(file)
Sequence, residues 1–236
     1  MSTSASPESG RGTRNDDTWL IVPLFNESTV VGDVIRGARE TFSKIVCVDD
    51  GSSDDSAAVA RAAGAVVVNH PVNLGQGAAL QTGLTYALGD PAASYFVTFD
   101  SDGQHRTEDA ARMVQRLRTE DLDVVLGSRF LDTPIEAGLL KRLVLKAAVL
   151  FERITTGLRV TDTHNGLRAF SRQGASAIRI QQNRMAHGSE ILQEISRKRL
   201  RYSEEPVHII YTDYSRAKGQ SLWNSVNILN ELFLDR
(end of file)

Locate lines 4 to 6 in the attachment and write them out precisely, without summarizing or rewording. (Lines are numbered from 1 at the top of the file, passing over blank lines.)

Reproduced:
   101  SDGQHRTEDA ARMVQRLRTE DLDVVLGSRF LDTPIEAGLL KRLVLKAAVL
   151  FERITTGLRV TDTHNGLRAF SRQGASAIRI QQNRMAHGSE ILQEISRKRL
   201  RYSEEPVHII YTDYSRAKGQ SLWNSVNILN ELFLDR